Indira Gandhi took recourse to the Emergency when the odds, including in the courts, were mounting against her. Rajiv Gandhi test-fired the anti-defamation law in 1988 when Bofors was booming day in and day out but, in the face of an uproar, aborted the attempt to gag newspapers.
A quarter century on, the Congress-led UPA is also afflicted by a similar under-siege syndrome — but with a few crucial differences.
Aggressive television channels have been spoiling the government’s dinner with a daily dose of prime-time barrage of opinions. Add to the cocktail the combustible personality of Modi whose utterances are tailor-made for jump-cut television spectacle.
The perceived sensitive side of Manmohan Singh, especially to opinion aired on English channels, is also proving an Achilles heel in adverse weather. A politician thick-skinned enough to weather the numerous inevitable storms of public life would have ignored barbs slung by the “chattering classes” of Mumbai and Delhi, especially since the English news-viewing audience in the country accounts for less than 7 per cent of the total such viewers.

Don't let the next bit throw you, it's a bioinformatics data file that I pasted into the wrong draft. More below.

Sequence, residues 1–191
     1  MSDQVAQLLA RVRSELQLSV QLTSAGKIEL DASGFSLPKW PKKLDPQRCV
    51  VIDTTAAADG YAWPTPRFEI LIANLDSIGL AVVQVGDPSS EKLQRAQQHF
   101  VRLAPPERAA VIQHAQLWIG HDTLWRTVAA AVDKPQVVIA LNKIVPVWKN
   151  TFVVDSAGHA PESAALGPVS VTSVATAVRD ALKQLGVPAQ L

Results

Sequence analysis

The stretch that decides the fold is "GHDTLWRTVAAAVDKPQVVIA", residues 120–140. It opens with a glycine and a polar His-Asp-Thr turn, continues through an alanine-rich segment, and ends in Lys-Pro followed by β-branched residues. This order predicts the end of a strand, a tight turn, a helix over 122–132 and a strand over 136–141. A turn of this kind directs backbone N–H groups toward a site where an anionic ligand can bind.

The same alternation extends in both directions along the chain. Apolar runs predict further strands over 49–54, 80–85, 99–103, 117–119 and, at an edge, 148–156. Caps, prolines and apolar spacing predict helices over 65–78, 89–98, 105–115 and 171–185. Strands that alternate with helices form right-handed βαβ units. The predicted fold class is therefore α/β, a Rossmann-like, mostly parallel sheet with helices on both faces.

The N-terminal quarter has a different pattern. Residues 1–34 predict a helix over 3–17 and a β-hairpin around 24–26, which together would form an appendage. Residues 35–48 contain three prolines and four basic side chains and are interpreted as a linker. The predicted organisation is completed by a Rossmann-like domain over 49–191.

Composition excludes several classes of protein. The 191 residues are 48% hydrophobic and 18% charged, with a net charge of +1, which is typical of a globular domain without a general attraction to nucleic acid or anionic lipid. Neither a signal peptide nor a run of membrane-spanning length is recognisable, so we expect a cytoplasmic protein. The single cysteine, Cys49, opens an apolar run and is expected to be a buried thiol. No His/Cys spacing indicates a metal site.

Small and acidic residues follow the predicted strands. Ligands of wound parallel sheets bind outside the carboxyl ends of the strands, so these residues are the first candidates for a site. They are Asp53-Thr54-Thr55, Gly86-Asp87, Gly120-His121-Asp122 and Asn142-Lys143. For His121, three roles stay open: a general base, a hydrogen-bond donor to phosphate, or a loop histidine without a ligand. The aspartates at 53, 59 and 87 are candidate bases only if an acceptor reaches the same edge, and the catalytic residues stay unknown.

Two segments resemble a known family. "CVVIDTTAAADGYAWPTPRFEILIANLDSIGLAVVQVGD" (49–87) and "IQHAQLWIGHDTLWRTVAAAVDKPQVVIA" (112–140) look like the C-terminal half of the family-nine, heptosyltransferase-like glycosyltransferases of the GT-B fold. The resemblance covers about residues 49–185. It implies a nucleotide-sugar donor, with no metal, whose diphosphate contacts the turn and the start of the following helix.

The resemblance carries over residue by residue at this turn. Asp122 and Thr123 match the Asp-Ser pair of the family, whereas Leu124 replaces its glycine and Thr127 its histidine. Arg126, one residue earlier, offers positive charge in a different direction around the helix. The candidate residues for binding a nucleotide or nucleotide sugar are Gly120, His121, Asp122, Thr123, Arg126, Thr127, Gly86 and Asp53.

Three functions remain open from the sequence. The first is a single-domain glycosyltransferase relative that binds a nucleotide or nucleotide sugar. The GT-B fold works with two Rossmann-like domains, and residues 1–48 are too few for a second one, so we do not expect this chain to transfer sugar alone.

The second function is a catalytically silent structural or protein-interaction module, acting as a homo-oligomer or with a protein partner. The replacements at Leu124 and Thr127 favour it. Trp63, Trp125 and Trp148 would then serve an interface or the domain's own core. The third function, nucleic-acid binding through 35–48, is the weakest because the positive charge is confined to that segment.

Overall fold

But the ministry headed by Manish Tewari, who is considered close to Manmohan Singh, has chosen to react in such a churlish manner to a comparison that will be considered routine, if not de rigueur, journalism in every free country in the world. Tewari, who was not in Delhi today, was not available for comment till this evening.
In the process, the note has opened the government up to criticism and derision.
“The timing of the advisory is eyebrow-raising and smacks of government paranoia over the press Narendra Modi is getting. Why are they waking up now?” asked Sevanti Ninan, who comments on the media.
The News Broadcasters Association, an umbrella body, described the government circular as a “terribly odd move”. (ABP Group, the publishers of The Telegraph, also owns news channels.)
“I do not know what the immediate provocation for the circular is but it is totally strange why the ministry came up with such an advisory. The government cannot dictate editorial decisions or tell us how to cover a certain event. We will engage with the ministry and find out why they did it,” NBA president K.V.L. Narayan Rao said.